Canada’s Prime Minister, Justin Trudeau, has issued a warning, indicating that taxes may be imposed if grocery retailers do not implement measures aimed at “stabilizing” food prices.
According to a document published on Trudeau’s web portal on September 14th, executives from the nation’s biggest food retailers have been summoned to a meeting in Ottawa next week to deliberate on proposed measures.
“In recent years, large grocers have been making more money, all while the cost of groceries has risen drastically and families are struggling to put food on their tables,” the document, covering the text of a speech given by the prime minister at a press conference in London, Ontario, read.
“We are also looking at all tools at our disposal, and we are not ruling out the use of tax measures, in order to restore the grocery price stability that Canadians expect.”
Canada’s government also intends to take steps to improve competition across the economy, “with a focus on the grocery sector”, it said.
Proposed changes to the Competition Act include empowering the competition regulator to intervene “in cases where significant retailers hinder smaller competitors from establishing nearby operations, resulting in diminished competition and consumer choices.”
According to Reuters, Canada’s top five food retailers, including Loblaw, Sobeys, and Metro, have been given until October 5th to develop plans aimed at stabilizing prices.
“Our government is taking concrete actions to stabilise food prices and improve competition in Canada,” François-Philippe Champagne, the minister of Innovation, Science and Industry, said in the document.
“That’s why the industry needs to step up with meaningful solutions. But that’s not all. We also need updated tools to modernise our competition environment. Our government will continue to work day-in and day-out to bring relief to consumers and increase competition.”
Sylvain Charlebois, a professor specializing in food distribution and policy at Dalhousie University in Halifax, proposed that the Canadian government draws inspiration from developments in France.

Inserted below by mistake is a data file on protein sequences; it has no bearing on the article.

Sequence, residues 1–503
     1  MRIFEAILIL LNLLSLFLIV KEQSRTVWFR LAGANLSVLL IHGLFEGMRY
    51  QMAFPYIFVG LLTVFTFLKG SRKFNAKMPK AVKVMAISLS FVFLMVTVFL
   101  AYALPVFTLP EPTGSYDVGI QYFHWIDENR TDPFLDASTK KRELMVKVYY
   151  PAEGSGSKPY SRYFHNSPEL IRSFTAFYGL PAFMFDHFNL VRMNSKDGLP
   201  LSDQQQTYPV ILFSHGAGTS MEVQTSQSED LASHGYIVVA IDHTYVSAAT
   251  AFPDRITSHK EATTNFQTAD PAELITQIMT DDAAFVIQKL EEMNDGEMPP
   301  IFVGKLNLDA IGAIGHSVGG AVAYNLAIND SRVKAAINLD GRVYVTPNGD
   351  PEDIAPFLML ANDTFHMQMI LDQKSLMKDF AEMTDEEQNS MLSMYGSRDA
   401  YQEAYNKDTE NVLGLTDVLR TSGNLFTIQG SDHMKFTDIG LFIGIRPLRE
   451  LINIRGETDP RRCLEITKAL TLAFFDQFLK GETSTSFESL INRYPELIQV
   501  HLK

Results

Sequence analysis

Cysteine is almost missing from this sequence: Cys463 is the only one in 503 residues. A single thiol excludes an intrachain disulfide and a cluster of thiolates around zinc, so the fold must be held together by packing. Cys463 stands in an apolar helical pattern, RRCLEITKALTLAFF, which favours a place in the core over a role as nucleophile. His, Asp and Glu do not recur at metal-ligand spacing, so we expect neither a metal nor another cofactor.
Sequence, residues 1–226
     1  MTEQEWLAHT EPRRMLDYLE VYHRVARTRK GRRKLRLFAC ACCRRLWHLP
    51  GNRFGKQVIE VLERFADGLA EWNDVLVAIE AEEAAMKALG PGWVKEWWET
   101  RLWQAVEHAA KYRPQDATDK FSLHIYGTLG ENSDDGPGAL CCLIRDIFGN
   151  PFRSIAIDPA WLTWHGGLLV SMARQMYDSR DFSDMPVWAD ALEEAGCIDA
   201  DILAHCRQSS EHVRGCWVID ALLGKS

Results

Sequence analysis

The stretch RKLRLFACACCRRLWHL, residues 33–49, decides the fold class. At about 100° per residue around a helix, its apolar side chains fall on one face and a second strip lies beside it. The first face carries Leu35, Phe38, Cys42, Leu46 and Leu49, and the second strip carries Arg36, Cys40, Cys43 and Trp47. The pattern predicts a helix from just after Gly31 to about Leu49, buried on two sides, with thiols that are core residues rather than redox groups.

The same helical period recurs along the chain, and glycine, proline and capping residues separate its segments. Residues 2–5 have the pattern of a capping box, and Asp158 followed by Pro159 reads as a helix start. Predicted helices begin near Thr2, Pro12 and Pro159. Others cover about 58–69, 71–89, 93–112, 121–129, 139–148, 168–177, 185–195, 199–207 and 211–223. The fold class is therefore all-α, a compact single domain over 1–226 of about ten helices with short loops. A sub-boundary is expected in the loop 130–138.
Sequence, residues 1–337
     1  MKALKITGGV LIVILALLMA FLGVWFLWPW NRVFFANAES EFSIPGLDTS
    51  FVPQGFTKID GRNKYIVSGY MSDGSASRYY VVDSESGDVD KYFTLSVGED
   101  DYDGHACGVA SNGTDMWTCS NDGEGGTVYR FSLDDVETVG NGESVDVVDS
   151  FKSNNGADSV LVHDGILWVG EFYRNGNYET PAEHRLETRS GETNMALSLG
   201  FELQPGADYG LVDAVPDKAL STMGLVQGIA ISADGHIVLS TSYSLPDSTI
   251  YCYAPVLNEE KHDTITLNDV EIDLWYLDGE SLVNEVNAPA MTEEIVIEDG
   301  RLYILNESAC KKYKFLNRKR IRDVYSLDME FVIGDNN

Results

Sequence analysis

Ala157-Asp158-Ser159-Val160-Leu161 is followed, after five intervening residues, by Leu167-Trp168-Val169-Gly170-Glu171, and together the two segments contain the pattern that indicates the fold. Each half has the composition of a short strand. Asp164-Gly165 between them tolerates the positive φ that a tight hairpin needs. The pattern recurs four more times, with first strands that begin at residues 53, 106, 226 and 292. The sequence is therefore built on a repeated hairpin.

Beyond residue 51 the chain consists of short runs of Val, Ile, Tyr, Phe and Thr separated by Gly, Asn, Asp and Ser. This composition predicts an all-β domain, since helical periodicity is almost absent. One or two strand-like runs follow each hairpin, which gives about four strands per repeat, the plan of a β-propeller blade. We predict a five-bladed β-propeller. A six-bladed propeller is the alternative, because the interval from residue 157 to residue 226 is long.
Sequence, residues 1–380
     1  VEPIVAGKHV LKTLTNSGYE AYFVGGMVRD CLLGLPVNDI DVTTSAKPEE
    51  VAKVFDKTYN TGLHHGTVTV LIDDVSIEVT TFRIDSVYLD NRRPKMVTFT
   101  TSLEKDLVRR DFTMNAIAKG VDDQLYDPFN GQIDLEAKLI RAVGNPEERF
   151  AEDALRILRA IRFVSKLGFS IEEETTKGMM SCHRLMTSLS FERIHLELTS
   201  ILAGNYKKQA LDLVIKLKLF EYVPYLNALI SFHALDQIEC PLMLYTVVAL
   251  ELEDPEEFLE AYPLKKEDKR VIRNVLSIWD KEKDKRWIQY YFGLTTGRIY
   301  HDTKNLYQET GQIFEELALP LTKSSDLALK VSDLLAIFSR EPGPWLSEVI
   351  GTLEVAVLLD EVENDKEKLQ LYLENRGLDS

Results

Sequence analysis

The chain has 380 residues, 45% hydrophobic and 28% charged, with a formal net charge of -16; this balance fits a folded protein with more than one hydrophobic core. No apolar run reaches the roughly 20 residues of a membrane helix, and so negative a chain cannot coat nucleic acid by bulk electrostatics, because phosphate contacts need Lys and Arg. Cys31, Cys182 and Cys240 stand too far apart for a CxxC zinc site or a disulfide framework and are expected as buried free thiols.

In August, France’s Finance Minister, Bruno Le Maire, engaged in two days of discussions with retailers and food producers, urging them to lower consumer goods prices. This call to action came after leaders of Carrefour and Les Mousquetaires raised concerns that inflation was causing people to reduce their spending on food.
Le Maire’s negotiations resulted in an agreement with retailers and certain manufacturers, establishing price limits and reductions on select products.
Speaking on Bloomberg Television about Canada’s proposals, Charlebois said they are “not really a signal you want to send if you want more competition and more investment into the country”.
He added: “If you want more competition, you need more players and more players who think they can make money. If you have a government putting brakes on food prices, guess what’s going to happen. Companies will sleep.”
In July, grocery inflation in Canada stood at 8.5%, showing a slight deceleration from June’s annual rate of 9.1%. However, it continues to outpace the overall headline rate for all items, which was at 3.3%, even though that had decreased from 2.8% the previous month.
Charlebois anticipates that food price hikes in Canada may decrease to approximately 5-7% by the end of the year, with the gap compared to the headline measure expected to narrow to near zero by April or May of the following year. Nevertheless, he cautioned about the potential repercussions of implementing price controls.
“If Loblaw is forced to bring down prices, it’s going to turn around and put more pressure on processors, family businesses and farmers who deal with grocers. You have to think about the entire supply chain.”